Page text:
My card came back filled with the following descriptions: bubbly, hilarious, cheerful, always ready for a laugh, full of life, fun, honest, great smile.
Yes – it’s very true that I’m usually very optimistic about life. When I’m nervous I take refuge in humour and jokes, and I don’t think the word “shy” has ever been used to describe me. I’m upbeat and always try to see the bright side of the equation. I love a good laugh and play the fool to get it.
It’s no shock to me then, that this wackiness comes through to my writing. I want people to laugh. I want people to smile. I want people to feel good about themselves and the life around them.
My life hasn’t been a bed of roses, but I like to poke fun of the bad times, and turn them into good.
So as this post goes live, I’m recalling five year old memories. As I do at each birthday my children have, I remember their birth and all the feelings I had at that time. I will look at the clock at 7am the morning of their birthday, and think about what I was doing x amount of years ago.
Instead I was handed a 4.2kg baby girl. I was shocked! I’d expected a boy and really couldn’t process the fact she didn’t have a penis. Also – 4.2kg???? What the hell? That’s 9lb 4oz in the old school measure. How the hell had I grown something that big and pushed it out?
Her birth was a comedy of errors. I swear that if it was made into a movie, no one would believe it. I always tell the story in a humorous way – skipping over the “nearly died” bits and laughing at the others. Here: I’ll set the scene. A small suburban maternity hospital. Theatre room number one. You could say that I was the star of the show, since I was the one in the middle of the room with all the lights trained on me. The obstetrician had just started his shift and was called to take care of business. Starting immediately after the birth of previously mentioned 4.2kg baby girl, I will describe what I saw:
- Flashing red lights, furiously calling for the paediatrician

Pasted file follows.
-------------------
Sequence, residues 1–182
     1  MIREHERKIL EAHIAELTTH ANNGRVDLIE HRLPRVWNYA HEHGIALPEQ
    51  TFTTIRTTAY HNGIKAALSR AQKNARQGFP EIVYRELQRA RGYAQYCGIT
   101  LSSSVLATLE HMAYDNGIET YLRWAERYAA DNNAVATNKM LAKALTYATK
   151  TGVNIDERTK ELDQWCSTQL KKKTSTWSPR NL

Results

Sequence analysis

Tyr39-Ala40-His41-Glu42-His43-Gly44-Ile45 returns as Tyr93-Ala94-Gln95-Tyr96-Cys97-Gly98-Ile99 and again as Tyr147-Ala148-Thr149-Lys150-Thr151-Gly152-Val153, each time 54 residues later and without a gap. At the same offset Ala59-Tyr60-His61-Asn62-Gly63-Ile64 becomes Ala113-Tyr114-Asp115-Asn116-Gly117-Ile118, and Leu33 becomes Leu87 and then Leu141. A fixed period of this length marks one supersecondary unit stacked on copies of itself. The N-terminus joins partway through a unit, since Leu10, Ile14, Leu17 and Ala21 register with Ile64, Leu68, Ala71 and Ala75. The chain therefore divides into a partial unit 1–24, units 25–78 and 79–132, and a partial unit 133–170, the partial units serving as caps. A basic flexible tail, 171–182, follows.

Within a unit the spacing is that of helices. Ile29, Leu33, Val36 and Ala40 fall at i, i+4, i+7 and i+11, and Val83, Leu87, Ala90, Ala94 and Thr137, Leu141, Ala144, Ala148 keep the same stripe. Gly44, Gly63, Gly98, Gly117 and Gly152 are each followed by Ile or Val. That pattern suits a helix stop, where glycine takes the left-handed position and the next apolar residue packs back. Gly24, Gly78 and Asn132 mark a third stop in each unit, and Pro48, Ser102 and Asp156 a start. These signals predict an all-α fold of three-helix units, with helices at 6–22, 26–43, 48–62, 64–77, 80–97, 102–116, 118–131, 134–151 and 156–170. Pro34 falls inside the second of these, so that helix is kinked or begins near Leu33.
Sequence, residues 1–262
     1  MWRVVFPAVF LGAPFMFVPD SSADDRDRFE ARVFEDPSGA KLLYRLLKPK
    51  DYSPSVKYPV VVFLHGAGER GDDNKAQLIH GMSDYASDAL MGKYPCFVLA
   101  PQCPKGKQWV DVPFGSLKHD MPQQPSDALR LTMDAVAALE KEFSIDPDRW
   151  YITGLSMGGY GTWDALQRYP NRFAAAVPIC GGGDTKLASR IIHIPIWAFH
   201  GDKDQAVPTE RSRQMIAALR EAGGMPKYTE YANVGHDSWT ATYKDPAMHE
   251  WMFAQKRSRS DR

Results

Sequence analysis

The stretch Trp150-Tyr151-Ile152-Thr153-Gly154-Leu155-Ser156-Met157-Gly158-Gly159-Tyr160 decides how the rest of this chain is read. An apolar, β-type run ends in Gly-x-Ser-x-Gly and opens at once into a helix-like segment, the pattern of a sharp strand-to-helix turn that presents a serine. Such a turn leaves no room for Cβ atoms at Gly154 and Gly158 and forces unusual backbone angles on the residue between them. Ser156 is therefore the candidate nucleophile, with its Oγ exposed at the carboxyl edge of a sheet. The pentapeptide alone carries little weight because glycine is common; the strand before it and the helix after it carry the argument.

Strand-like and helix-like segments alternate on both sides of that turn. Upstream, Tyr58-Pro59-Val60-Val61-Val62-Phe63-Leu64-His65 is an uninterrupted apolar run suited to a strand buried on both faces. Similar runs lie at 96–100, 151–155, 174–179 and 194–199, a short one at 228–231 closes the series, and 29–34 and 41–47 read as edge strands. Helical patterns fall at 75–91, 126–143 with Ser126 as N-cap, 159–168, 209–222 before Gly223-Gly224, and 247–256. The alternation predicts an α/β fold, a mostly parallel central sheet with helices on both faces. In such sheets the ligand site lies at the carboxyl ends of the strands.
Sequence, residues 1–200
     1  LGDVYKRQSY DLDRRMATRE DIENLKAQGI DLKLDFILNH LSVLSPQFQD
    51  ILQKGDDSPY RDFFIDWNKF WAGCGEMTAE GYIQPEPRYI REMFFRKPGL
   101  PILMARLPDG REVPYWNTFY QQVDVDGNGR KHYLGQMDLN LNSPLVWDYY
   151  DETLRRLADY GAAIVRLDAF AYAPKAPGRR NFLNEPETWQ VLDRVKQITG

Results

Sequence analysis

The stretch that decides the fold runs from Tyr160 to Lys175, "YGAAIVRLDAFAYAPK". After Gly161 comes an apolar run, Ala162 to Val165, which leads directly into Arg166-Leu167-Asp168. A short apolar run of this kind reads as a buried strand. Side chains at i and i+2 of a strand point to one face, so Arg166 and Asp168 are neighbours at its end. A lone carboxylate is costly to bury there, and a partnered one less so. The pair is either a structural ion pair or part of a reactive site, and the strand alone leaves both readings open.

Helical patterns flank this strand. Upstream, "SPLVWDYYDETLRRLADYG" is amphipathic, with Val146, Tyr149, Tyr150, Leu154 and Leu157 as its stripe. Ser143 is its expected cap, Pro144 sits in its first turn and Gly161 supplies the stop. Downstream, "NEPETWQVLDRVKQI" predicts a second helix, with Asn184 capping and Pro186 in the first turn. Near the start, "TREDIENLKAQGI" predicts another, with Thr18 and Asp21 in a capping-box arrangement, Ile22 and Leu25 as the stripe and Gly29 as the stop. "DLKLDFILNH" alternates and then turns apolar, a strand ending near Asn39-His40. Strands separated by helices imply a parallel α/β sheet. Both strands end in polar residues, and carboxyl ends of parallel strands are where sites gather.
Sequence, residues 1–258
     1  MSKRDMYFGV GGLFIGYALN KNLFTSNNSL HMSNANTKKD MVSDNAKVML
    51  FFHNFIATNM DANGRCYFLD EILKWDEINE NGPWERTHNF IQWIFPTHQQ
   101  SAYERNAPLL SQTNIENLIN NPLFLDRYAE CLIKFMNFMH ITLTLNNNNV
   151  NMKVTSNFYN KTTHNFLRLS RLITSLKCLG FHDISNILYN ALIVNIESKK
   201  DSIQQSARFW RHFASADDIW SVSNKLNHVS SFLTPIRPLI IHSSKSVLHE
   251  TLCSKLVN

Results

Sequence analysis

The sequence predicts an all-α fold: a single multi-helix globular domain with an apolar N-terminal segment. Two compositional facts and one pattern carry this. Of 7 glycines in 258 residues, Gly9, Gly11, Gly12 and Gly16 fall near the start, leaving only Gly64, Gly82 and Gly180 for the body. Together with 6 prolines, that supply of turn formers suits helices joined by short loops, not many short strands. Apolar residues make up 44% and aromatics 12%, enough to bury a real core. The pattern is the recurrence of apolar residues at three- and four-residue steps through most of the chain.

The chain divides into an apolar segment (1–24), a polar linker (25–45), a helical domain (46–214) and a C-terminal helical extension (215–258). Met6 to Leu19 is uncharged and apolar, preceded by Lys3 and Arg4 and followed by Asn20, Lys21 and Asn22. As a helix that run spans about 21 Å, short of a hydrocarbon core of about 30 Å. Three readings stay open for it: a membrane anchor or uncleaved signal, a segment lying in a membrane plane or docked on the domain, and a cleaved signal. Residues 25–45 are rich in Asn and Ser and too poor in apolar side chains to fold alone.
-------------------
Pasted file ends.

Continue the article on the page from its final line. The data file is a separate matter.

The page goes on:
- Two midwives working on my baby, while ignoring my calls about the gender of my newborn
- One obstetrician looking intense, while working at my lower end
- One junior obstetrician looking very stressed while pushing on my stomach
- More flashing lights, calling for nurses
- One father-of-the-child in a faint on the floor
- One paediatrician (nearly hitting hubby's head) rushing in the door to the baby
- Nurses streaming through the doors to help (hubby in the way)
- One father-of-the-child being taken away in a wheelchair
- More nurses, a quick head count, 15 people in the room
- One midwife-in-training looking very pale while rethinking her future of midwifery
Poor Jessica. I was the first birth she ever witnessed and it was a doozy!
I tell this story, not to freak people out, but to remind them to laugh. I could’ve dwelled on the bad stuff and been angry at the medical staff, but what would I achieve? Nothing but depression and anger. So I laugh at the funny bits.
I tell people that the birth of my first child was a planned caesarean, as he was feet first and couldn’t be born that way. He was 3.5kgs, whereas my natural birth child was 4.2kgs. Whoops!
I tell people that after my caesarean I was hooked up to three machines. After my “natural” birth I was hooked up to seven. Whoops!
I tell people I was in labour for so long, I forgot that it was Father’s Day and I never gave hubby his presents. Whoops!
But most importantly I LAUGH.
I tell people that my husband didn’t witness the birth of either of our children – he was too busy fainting both times.
I tell people that I had a trainee midwife following my pregnancy. At the birth she had the most important job – the camera.
I leave the depression for someone else.
So if you pick up one of books, please smile as you are reading. You are not supposed to take the story seriously. It is a sweet tale written to make you feel good, and cheer you up if you need it. So I hope you enjoy my books and go away in a peaceful and happy frame of mind.
Don’t forget that Hank and Elliot’s story comes out in 13 days.
Pre-order from Dreamspinner.